8. 8. All of above variables are briefly explained into table below. Their default values are alredy displayed in above screen. Variable Name Description hive.exec.dynamic.partition true/false for enable/disable dynamic partitioning hive.exec.dynamic.partition.mode strict/nonstrict as explained below. hive.exec.max.dynamic.partitions.pernode Max number of partitions each mapper/reducer can create. hive.exec.max.dynamic.partitions Max number of partitions allowed by single statement. hive.exec.max.created.files Max number of files that can be created globally. All of the above variables are there to protect system to burnout by a faulty code. In my environment, hive.exec.dynamic.partition is already true so I should be able to create dynamic partitions but hive.exec.dynamic.partition.mode is strict. This will impose some restrictions on us (we will see it later) so let’s change it to nonstrict using below command.SET hive.exec.dynamic.partition.mode=nonstrict; Now, we are ready to demonstrate dynamic partitioning in hive. Before we start, let me warn for a catch here. I will explain it later after I explain dynamic partitioning shown in below screen. Let’s look at the below screen. Learn more with us at
  9. 9. Above statement will several things. 1. Remove all data from my table emphive caused by OVERWRITE clause. 2. Read all records from source table employees caused by SELECT …FROM. 3. Create a new directory to represent a new partition/sub-partition for every country/state if directory does not already exist. This effect is caused by PARTITON clause. 4. Create a new file to hold data for specific partition inside appropriate directory. This is first time we see hive creating file otherwise, it just used to copy file. 5. Insert data into appropriate file. You can go back to HDFS file system and check if got 4 directories created for four countries we have in our example data file. You can further check your country directories and you will find sub directories created for each state inside country. You may execute some select statements with country and state conditions in where clause to test your work. Let’s talk about that catch I mentioned. Did you already notice that? If yes, you are getting hive now. Any ways, catch is those last two columns country, state in my screen above. Those are necessary at the end in specific order. You can exclude them or change their order. Hive assumes, partitioned columns ate the end in your select statement in same order as you have specified it in your partition clause. One last thing about dynamic partitioning I need to mention is why we changed to non-strict mode using set hive.exec.dynamic.partition.mode=nonstrict; command. Strict mode puts a restriction on us. In this mode, we can’t use full dynamic partitioning. What does that mean? Which means I am forced to use at least one partition parameter as static? Let’s look at the new statement if I have to work in strict mode. You can notice difference. I am forced to make three changes. 1. In partition clause, I must specify at least one leading partition value as I specified country=’US’. Learn more with us at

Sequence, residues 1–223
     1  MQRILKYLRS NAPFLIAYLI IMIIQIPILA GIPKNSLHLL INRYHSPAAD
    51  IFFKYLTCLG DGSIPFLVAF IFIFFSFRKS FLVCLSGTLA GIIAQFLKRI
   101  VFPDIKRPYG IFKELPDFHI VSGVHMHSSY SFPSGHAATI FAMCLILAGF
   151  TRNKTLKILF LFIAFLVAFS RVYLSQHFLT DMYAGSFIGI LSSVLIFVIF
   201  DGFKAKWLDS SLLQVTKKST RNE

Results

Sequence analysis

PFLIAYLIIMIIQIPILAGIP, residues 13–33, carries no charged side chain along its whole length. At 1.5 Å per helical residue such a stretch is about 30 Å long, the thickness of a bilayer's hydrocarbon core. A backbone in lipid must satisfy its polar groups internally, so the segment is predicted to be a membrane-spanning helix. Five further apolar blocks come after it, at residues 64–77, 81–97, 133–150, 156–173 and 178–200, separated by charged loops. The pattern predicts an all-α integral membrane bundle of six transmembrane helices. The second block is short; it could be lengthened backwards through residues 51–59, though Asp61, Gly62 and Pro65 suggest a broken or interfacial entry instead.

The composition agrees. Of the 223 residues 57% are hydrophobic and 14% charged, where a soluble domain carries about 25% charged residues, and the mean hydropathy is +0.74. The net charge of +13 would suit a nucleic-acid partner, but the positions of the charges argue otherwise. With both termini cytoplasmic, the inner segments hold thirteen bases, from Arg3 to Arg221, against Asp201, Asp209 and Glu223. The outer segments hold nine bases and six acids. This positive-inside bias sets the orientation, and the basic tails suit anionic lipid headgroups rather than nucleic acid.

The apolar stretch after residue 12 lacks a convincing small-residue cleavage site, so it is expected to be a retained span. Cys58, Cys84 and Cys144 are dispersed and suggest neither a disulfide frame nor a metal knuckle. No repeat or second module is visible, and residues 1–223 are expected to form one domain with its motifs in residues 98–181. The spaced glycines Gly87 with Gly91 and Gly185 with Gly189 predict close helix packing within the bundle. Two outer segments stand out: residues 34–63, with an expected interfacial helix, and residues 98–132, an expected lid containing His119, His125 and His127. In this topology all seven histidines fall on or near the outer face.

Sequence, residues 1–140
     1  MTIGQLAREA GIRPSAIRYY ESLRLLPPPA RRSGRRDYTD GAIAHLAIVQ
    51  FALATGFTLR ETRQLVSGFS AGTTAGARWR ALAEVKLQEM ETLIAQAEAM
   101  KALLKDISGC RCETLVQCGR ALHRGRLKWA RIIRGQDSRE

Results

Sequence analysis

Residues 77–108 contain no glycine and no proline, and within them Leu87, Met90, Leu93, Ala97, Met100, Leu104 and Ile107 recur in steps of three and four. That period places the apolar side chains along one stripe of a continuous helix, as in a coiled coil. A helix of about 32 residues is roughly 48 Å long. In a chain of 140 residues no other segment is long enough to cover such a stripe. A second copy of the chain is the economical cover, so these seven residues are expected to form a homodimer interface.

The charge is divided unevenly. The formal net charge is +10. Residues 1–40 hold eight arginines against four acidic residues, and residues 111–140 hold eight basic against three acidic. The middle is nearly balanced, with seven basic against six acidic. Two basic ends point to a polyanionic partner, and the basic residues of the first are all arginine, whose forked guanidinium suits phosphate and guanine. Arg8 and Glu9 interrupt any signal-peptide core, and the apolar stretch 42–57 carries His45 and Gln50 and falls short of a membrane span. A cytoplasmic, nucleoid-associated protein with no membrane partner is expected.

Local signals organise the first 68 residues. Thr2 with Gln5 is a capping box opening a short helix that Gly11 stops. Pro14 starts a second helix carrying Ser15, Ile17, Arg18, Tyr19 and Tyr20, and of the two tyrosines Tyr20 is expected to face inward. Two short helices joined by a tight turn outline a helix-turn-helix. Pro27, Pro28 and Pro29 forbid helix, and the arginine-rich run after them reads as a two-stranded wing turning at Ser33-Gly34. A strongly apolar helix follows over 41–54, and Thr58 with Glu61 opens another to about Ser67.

10. 10. 2. As a result, I had to remove country column from select list as hive assumes all record to be for country=’US’. 3. Further I am forced to place a where clause in my select statement to restrict it for US only because hive assumes all records to be for US. This ends my discussion about loading data into hive table. Learn more with us at